Bron: AWS News Blog –
New – Use Amazon EC2 Mac Instances to Build and Test macOS, iOS, ipadOS, tvOS, and watchOS Apps
Over the last couple of years, AWS users have told us that they want to be able to run macOS on Amazon Elastic Compute Cloud (EC2). We’ve asked a lot of questions to learn more about their needs, and today we introduce you to the new Mac instance!
re:Invent 2020 Pre-announcements for Tuesday, December 1
Here’s a sneak peek at some good things to come, including: AWS Outpost Servers, Amazon ECS Anywhere and Amazon EKS Anywhere.
Coming Soon – Amazon EC2 G4ad Instances Featuring AMD GPUs for Graphics Workloads
Customers with high performance graphic workloads, such as those in game streaming, animation, and video rendering, are always looking for higher performance at less cost. Today, we announce that new Amazon Elastic Compute Cloud (EC2) instances in the G4 instance family will be available soon to improve performance and reduce cost for graphics-intensive workloads.
New EC2 C6gn Instances – 100 Gbps Networking with AWS Graviton2 Processors
Today, we’re expanding our broad Arm-based Graviton2 portfolio with C6gn instances that deliver up to 100 Gbps network bandwidth, up to 38 Gbps Amazon Elastic Block Store (EBS) bandwidth, up to 40% higher packet processing performance, and up to 40% better price/performance versus comparable current generation x86-based network optimized instances.
EC2 Update – D3 / D3en Dense Storage Instances
We have launched several generations of EC2 instances with dense storage including the HS1 in 2012 and the D2 in 2015. Today we are launching the D3 and D3en instances. Like their predecessors, they give you access to massive amounts of low-cost on-instance HDD storage.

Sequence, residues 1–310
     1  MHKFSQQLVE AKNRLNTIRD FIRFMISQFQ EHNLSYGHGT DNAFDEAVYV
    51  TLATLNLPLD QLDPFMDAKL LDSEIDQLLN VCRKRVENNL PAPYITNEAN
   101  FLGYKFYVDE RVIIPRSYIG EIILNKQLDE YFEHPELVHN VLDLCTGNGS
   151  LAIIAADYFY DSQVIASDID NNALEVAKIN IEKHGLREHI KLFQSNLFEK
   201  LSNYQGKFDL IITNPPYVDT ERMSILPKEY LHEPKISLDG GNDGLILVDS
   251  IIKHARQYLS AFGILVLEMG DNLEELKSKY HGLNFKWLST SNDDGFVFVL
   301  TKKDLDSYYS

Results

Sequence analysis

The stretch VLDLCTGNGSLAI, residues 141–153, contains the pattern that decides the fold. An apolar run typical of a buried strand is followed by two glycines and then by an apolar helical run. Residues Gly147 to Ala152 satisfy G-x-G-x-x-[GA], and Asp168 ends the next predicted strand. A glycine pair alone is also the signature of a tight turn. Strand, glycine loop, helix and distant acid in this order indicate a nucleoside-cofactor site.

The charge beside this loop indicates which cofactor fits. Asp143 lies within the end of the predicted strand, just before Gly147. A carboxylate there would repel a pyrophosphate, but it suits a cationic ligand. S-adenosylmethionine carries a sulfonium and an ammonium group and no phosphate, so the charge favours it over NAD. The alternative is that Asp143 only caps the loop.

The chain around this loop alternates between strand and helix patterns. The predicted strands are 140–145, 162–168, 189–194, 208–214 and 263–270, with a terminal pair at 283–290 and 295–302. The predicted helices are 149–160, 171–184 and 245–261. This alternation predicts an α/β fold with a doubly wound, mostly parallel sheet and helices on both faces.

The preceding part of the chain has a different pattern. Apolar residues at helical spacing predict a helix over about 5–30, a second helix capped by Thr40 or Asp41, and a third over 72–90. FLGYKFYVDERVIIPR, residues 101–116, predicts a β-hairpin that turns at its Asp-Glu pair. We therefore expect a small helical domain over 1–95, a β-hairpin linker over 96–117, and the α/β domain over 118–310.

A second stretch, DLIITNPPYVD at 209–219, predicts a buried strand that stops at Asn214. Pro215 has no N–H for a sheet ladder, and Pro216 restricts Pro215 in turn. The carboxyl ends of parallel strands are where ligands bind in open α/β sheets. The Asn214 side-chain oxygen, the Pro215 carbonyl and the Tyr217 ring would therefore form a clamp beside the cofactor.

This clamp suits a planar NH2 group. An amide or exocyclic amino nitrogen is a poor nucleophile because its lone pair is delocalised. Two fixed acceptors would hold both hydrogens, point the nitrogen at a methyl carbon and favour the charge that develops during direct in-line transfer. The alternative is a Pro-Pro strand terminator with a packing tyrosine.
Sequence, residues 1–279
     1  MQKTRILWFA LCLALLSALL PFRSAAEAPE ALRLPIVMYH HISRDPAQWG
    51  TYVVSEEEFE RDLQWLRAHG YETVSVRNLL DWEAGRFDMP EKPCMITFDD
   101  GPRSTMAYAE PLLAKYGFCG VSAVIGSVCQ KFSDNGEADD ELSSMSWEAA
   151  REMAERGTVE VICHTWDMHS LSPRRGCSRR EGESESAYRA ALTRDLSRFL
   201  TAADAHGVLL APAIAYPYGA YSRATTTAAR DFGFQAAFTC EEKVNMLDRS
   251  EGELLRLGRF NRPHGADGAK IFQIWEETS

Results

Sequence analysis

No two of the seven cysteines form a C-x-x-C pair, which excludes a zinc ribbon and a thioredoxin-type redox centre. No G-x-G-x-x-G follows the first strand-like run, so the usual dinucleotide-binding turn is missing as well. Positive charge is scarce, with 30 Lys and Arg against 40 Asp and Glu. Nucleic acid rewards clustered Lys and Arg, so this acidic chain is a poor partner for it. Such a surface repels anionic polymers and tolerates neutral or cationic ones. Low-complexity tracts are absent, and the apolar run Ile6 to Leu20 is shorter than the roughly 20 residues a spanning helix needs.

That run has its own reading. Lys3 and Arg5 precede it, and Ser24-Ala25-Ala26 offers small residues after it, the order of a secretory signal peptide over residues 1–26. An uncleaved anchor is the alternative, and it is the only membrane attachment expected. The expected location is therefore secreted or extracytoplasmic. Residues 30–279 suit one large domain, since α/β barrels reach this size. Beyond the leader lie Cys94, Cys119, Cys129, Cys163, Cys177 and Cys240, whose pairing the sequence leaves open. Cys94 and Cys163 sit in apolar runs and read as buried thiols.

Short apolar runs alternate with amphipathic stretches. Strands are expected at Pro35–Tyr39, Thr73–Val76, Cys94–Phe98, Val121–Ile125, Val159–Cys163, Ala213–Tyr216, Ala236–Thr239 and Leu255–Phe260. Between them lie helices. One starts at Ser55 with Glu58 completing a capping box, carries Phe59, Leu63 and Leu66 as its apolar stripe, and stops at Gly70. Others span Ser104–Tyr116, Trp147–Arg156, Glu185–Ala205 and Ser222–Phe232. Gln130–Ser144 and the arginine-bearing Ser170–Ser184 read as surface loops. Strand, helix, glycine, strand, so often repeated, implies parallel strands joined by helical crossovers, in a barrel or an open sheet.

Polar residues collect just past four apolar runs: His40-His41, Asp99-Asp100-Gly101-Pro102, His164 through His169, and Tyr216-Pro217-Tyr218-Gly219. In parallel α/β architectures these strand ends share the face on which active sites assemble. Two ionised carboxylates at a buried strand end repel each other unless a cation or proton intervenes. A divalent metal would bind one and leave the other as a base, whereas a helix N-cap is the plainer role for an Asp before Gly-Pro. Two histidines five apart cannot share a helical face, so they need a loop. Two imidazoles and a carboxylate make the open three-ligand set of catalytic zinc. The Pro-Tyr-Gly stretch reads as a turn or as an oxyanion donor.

New – Amazon EC2 R5b Instances Provide 3x Higher EBS Performance
R5 instances are designed for memory-intensive applications such as high-performance databases, distributed web scale in-memory caches, in-memory databases, real time big data analytics, and other enterprise applications. Today, we announce the new R5b instance, which provides the best network-attached storage performance available on EC2.
New for AWS Lambda – 1ms Billing Granularity Adds Cost Savings
Since Lambda was launched in 2014, pricing has been based on the number of times code is triggered (requests) and the number of times code executes, rounded up to the nearest 100ms (duration). Starting today, we are rounding up duration to the nearest millisecond with no minimum execution time.
In the Works – 3 More AWS Local Zones in 2020, and 12 More in 2021
We launched the first AWS Local Zone in Los Angeles last December, and added a second one (also in Los Angeles) in August of 2020. With 3 more available today and 12 planned next year, we are choosing the target cities with the goal of allowing you to provide access with single-digit millisecond latency to the vast majority of users in the Continental United States.
New for AWS Lambda – Container Image Support
With Lambda, you upload your code and run it without thinking about servers. Many customers enjoy the way this works, but if you’ve invested in container tooling for your development workflows, it’s not easy to use the same approach to build applications using Lambda. To help you with that, you can now package and deploy Lambda functions as container images of up to 10 GB in size.
Amazon ECR Public: A New Public Container Registry
You have long been able to host private container images on AWS with Amazon Elastic Container Registry, and now with the release of Amazon Elastic Container Registry Public, you can host public ones too, enabling anyone (with or without an AWS account) to browse and pull your published containers.
Preview of AWS Proton – Automated Management for Container and Serverless Deployments